“The running game is a big part of our offense, with the play-action, and if we’re not having success running the ball, we’re not going to have success throwing the ball,” Moore said. “It starts up front with the O-line, then to the backs and then to the receivers. Everybody has to be on the same page, and everybody has to be willing to go out there and dominate on every play.”
On defense, last year’s struggles with missed tackles and missed assignments have resurfaced. After consecutive weeks in which the defensive line was dominant, Georgia failed to record a sack against Tennessee. The secondary has been exposed repeatedly, with Crompton becoming the third SEC quarterback in four conference games to post at least 300 yards passing against the Bulldogs.
“It’s a work in progress,” defensive coordinator Willie Martinez said. “You keep talking about those things and being disciplined. You have some guys that have some inexperience and that’s going to happen. You just have to work through it, continue to practice it and stress it to where you can be more consistent.”
The season is just halfway finished, senior defensive tackle Jeff Owens said, but it has felt longer. Losing is no fun.
But if the Bulldogs want to stop the bleeding and get back on track, they’ll need to find some renewed energy and start enjoying themselves again, in spite of the current climate of despair.
“You’ve got to give it your all,” Owens said. “We know it’s a grind. We know it’s tough. If it wasn’t tough, everybody in the world would be doing it. But you have to go out and give it your all, and you’ve got to have fun. That’s what we have to get back is guys having fun, making plays and being excited.”
Curran said the philosophy for the players is simple: They all say they want to be great. They say they want to play at the next level. They want to win.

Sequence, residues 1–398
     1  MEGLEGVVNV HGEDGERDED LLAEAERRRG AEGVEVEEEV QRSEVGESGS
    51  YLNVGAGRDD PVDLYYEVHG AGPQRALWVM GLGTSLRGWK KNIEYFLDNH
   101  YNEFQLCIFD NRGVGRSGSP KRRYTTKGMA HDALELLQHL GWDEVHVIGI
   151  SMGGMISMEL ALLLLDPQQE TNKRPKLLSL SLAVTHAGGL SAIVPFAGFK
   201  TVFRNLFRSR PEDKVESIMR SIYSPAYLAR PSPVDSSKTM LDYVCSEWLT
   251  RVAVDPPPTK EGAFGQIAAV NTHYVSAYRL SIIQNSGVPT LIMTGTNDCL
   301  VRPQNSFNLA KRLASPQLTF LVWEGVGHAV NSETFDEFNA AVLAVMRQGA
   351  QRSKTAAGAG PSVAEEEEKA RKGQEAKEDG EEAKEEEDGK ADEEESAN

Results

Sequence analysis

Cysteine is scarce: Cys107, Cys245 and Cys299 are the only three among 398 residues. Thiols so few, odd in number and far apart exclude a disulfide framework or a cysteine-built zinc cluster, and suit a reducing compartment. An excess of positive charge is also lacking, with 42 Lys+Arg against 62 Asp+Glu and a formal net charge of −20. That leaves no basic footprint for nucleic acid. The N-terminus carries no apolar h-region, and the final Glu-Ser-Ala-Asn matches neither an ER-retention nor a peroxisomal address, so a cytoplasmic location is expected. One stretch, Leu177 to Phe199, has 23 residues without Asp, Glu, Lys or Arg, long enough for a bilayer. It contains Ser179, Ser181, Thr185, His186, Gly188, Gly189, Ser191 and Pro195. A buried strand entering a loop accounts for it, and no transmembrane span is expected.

Now it’s time to prove it.
“At times like these you have to remind the guys of why we came here,” he said. “We have to realize that the work that we put in during the offseason and how much work has gone into this whole entire season and just what we represent in the tradition and the guys who have done it before us. ... You have to do what it takes. You have to sacrifice. You have to study. You have to have those late nights. You have to put in that extra time. Those are the things you try to drive home to your teammates that it’s not just going to come overnight.”
Fans aren’t happy with the season, and the players know it. They aren’t happy either.
The failures of the first six weeks are in the books, Cox said. There’s nothing that can be done to change that.
What remains is the question of how much the Bulldogs are willing to do to make the next six games better than the last.
“Everybody complains about how we’re doing, but we didn’t want to play this way either,” Cox said. “We didn’t want to be 3-3. We didn’t expect to be 3-3. But now we can either shut it down or keep going and make the best of the season and finish strong. I don’t have any doubt that our team is going to want to finish the season right and be a good team.”